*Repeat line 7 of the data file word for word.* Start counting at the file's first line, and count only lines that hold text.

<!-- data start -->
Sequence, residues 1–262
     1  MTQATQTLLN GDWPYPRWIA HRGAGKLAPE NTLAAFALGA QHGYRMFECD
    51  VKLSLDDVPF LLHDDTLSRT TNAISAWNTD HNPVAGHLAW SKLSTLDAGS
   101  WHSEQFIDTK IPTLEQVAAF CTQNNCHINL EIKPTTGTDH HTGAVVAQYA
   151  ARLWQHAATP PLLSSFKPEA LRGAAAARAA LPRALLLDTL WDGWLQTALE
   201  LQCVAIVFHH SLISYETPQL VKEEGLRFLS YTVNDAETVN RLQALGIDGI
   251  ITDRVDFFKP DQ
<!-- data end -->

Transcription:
   251  ITDRVDFFKP DQ